Below the self-indulgent froth of social media, a fundamental change is taking place in the way people relate to each other and to the organisations they adhere to and which seek their adherence.
Let’s go back a stage to understand the context. In Anthony Trollope’s The Warden there is no doubt of the relationship between the good Warden, Septimus Harding and his deferential and fitfully disgruntled charges.
A century later statutory provision transformed the disadvantaged from objects of pity and patronisation into rights-asserting clients, as is obvious in the relationship between Oliver and Mr Bumble in Charles Dickens’ Oliver Twist.
Later still, in a cynical aping of retailers, the public services described their recipients as customers, even though they were on the weak end of a power relationship with professionals who continued to make a tidy living from ‘farming the poor’.
Then came the arrival of the internet and the cultivation of audiences who were encouraged to visit a particular website.
But now the relationship between large organisations and their audiences is shifting from one of producer and consumer, preacher and congregation, enforcer and complier, fund raiser and donor, to one of community.
Now this has massive implications for charities that work with people with disabilities, particularly in the area of campaigning and fund raising.
First, we will have to shift from the abstract to the personal. Communities, other than communities of practice, are not apt to use jargon or deal in abstract concepts such as rights, accessibility and participation.
Communities are built on the exchange of experience and they only survive if there is a mutuality of respect and constraint: as with actual conversations that take place on a weekly basis among friends, relationships primarily survive because we know what not to say; at the same time.
Equally important, communities build corporate memory through storytelling and the worst thing we can do in a community is routinely to trump every story with our own story. My pain might be greater than your pain on an on-going basis but we have to make room for the pain of the other.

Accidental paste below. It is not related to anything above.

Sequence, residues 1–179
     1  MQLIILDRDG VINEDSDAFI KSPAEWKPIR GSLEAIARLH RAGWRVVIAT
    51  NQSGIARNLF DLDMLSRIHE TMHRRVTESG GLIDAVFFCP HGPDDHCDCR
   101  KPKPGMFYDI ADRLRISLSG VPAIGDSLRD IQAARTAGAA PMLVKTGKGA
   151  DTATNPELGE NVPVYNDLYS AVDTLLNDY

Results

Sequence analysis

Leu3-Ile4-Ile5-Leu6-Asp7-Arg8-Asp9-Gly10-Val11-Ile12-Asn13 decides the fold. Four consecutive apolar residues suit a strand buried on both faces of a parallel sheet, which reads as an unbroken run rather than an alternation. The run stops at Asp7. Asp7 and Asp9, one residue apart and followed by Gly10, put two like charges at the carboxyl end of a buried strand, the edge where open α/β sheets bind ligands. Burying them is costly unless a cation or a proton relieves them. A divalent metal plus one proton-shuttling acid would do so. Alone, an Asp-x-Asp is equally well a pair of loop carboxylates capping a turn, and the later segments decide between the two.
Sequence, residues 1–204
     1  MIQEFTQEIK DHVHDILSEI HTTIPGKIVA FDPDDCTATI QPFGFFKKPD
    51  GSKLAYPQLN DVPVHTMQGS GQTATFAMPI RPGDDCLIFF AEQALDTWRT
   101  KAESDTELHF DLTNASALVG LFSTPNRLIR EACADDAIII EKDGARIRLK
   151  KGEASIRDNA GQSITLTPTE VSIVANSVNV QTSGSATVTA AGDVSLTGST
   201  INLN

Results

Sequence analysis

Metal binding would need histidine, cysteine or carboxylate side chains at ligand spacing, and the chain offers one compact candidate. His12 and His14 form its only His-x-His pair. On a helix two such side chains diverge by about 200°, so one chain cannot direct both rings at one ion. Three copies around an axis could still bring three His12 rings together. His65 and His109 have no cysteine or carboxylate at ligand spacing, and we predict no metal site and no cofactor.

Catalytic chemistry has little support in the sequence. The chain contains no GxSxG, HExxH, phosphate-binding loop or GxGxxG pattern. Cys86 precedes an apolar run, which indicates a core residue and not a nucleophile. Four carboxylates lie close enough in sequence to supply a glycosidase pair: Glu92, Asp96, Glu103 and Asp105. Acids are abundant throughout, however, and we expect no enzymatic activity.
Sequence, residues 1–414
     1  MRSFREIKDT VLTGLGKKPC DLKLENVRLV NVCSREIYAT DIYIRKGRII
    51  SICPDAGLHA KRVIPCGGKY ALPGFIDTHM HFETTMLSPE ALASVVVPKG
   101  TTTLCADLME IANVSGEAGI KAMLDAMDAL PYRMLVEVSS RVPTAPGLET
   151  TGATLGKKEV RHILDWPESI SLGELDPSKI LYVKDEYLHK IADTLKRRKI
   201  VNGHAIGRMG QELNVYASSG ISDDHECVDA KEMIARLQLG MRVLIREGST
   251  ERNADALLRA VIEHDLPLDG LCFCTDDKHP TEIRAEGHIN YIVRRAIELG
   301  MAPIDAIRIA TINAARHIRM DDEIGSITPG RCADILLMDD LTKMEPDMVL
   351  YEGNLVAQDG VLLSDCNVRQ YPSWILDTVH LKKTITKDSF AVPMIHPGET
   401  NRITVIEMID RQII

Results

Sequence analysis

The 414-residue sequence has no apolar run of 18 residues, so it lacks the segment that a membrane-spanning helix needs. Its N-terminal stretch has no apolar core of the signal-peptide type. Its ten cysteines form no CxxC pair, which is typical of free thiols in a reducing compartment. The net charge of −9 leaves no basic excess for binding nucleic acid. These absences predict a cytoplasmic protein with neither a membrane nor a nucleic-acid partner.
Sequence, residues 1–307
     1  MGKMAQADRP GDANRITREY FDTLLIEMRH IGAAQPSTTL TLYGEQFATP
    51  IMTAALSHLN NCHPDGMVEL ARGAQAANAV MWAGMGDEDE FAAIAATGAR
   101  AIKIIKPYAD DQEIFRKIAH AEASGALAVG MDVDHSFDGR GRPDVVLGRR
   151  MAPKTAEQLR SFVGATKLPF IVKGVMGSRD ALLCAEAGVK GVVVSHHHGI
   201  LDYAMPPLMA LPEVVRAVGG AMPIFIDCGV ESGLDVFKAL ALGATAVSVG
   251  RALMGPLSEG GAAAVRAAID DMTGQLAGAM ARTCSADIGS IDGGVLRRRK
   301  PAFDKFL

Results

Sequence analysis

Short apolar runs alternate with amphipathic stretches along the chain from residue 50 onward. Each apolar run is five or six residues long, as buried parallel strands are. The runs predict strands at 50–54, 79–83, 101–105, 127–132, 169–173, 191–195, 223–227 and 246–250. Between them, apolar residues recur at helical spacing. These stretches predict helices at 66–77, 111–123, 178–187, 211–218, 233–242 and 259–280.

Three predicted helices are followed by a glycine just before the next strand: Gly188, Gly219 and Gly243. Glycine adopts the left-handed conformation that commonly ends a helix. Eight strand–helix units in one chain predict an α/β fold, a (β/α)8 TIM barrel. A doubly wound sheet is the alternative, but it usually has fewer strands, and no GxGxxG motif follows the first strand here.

This transformation also means that we have to put ourselves on the line if we want community to include the transfer of resources between them and us.
In community, I am the cause and, having less direct impact on my community, my friends are the cause.
So we can’t hide behind some laudable idea that people, in the abstract, should support the cause of people with disability in the abstract. It won’t do to advise those who might be interested in us to visit our website.
We have to say that we are a cause that requires and justifies investment and, increasingly, support will be peer to peer rather than funders depositing into a pool for a faceless arbitrator to distribute.
Traditionalists might argue that this is winding back philanthropy to the 18th century magnate and beggar and I would warn that, as in the era of the misuse of the word ‘customer’, the word ‘investor’ might simply be a piece of contemporary jargon.
But, without wishing to be nostalgic or to hype the phenomenon, social media are providing a personalised forum to fill the gap left by urban anonymity.
There is nothing humiliating in fulfilling the need of the other to give. We have no problem with the concept of giving, it’s what fund raising is all about, but the problem in the context of social media for people with disabilities is that we can’t hive off the receiving to fund raisers.
We will have to come down off our high moral horses where it is safe to pretend that the cause induces the donation and that, although we directly benefit, it really has nothing to do with us.
We have to learn how to take as well as to encourage giving and the best way to avoid the feeling that we are recipients of charity, or pity, or patronisation, is to learn how to give back. That’s what successful community is all about.